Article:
10. 10. Group Cohesion Group cohesion-the sense of solidarity or loyalty that individuals feel toward a group to which they belong  Force that binds members together Relies on shared values or demographic traits (race, age, gender…) Excessive group cohesion can bring about negative consequences Groupthink-in very cohesive groups, the tendency to enforce a high degree of conformity among members  May punish those who threaten to undermine consensus
  11. 11. ChallengerexplosionGroupthink may have playeda role in the Challengershuttle explosion. Scientistsmay have not takenweaknesses in the shuttle’sdesign seriously.
  12. 12. Social Influence Social influence (peer pressure)-the influence of one’s fellow group members  Part of being in groups  Can affect all ranges of behavior  We conform because we want to gain acceptance  Prescriptions-behaviors approved of by social group  Proscriptions-behaviors a particular social group wants members to avoid
  13. 13. Social Influence Social influence results in one of three kinds of conformity Compliance-mildest type of conformity, undertaken to gain rewards or avoid punishments Identification-type of conformity stronger than compliance and weaker than internalization, caused by a desire to establish or maintain a relationship with a person or group Internalization-strongest type of conformity; occurs when an individual adopts the beliefs or actions of a group and makes them her own
  14. 14. The AschExperiment  Study on compliance conducted by Solomon Asch in 1951  Groups of 7-8 “students” each to participate in “visual perception”  Only one student in group was real research subject  Results:  33%: yielders-gave wrong answer though they knew it was wrong  Another 40% yielded less frequently  Only 25% were independents refusing to give in to majority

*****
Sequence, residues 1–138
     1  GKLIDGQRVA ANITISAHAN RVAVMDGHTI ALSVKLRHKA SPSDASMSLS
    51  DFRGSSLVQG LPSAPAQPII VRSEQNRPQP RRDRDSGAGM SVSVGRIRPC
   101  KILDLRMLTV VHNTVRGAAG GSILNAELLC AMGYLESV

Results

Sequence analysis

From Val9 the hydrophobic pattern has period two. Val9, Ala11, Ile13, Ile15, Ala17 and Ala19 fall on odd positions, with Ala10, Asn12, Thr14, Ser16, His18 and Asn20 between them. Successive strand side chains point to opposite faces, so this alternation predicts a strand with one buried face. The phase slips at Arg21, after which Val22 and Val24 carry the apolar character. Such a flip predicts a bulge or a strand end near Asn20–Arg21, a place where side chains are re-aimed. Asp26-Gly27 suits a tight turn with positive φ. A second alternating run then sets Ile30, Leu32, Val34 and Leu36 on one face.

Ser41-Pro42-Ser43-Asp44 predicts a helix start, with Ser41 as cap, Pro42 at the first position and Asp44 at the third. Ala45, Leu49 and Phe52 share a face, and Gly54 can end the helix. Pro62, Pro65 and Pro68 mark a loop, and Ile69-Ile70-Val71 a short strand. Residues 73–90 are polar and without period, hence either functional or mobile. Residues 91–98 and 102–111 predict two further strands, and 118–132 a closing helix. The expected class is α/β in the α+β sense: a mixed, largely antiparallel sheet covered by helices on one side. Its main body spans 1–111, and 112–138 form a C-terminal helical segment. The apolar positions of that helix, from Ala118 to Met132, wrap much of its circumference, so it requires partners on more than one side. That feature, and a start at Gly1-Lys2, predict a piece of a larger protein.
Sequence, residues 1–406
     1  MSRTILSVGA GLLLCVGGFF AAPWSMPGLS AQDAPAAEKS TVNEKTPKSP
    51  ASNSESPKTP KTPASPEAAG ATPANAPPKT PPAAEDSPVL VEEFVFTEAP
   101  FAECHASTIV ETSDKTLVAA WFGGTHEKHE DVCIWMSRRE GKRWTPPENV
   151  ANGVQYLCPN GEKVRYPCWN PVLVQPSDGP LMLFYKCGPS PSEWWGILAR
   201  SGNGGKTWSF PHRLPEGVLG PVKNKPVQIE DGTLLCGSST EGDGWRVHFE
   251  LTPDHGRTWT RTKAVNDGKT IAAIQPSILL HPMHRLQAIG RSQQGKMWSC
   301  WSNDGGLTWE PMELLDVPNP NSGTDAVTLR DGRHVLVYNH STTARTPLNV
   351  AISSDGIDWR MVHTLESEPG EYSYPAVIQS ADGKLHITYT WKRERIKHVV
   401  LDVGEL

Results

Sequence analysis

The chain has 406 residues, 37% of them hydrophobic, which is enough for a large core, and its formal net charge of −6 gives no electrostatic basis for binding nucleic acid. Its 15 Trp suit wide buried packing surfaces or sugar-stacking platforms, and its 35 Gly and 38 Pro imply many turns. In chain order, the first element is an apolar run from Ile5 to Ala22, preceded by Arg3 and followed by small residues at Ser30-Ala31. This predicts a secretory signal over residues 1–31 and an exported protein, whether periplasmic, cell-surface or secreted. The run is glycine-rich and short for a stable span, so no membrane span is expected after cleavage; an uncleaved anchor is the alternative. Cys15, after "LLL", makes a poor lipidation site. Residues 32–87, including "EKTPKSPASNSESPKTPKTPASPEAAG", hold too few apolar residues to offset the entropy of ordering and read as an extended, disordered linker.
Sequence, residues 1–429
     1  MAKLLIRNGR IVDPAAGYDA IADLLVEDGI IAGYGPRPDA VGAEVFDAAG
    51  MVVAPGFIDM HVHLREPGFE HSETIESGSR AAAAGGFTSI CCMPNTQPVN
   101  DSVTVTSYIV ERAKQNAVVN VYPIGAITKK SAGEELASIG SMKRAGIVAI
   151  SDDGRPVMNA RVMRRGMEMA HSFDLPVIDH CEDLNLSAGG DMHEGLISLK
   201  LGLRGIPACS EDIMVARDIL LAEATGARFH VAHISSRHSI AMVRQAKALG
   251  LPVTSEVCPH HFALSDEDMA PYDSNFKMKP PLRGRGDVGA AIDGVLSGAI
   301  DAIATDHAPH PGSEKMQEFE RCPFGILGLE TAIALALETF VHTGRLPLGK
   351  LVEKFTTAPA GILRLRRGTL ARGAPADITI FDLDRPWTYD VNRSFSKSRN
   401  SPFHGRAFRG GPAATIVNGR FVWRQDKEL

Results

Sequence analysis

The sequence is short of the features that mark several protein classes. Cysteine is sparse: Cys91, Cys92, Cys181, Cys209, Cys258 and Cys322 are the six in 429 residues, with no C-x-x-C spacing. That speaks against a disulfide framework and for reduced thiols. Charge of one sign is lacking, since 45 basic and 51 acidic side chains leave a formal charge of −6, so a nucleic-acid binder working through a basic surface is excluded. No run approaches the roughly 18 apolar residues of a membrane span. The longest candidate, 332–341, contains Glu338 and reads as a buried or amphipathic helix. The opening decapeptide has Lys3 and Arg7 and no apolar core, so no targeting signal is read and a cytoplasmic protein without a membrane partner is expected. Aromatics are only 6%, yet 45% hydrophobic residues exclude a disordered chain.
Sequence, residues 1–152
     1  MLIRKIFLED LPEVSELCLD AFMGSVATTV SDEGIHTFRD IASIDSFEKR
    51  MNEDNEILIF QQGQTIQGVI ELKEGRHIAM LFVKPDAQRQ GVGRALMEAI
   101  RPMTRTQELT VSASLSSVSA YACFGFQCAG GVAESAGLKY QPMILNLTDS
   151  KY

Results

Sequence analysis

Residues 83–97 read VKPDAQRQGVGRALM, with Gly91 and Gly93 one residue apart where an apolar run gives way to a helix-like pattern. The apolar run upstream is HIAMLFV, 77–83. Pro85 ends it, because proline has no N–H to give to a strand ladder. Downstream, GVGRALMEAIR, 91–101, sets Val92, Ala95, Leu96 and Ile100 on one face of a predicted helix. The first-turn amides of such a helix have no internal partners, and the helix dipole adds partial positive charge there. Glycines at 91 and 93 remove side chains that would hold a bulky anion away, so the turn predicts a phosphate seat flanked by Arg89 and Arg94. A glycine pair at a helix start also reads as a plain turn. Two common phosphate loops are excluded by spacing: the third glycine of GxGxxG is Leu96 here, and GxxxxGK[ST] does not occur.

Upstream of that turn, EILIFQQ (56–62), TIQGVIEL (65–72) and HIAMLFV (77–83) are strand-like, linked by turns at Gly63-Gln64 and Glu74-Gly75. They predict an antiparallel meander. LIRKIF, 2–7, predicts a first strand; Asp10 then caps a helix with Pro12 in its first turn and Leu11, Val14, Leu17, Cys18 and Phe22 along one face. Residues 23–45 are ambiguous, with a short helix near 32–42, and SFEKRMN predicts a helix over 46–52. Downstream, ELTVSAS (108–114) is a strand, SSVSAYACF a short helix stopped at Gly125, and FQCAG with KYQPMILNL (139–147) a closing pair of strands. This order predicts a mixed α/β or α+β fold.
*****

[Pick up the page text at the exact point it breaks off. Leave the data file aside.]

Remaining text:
15. 15. Qualities of Leadership Power-ability to control the actions of others; getting people to do things they may or may not want to do  Quality of all leaders  Coercive-backed by the threat of force  Influential-supported by persuasion Authority-legitimate right to wield power  Max Weber identified three types of authority found in social orgs.
  16. 16. Types of Authority Traditional authority- based on custom, birthright, or divine right Legal-rational authority- based on laws, rules, and procedures (not on heredity or personality) Charismatic authority- based in the perception of remarkable personal qualities in a leader 3 types not necessarily mutually exclusive
  17. 17. Bureaucracies  McDonaldization of Society Bureaucracies-secondary  McDonaldization-Ritzer’s group designed to perform term spread of bureaucratic tasks efficiently rationalization and the Specialization accompanying increases in Technical competence efficiency and dehumanization  Make us aware of “iron cage” of Hierarchy bureaucracy Rules and regulations  Rationalization- Impersonality implementation of formal Formal written rules in order to be more communications efficient w/out consideration of subjective concerns

×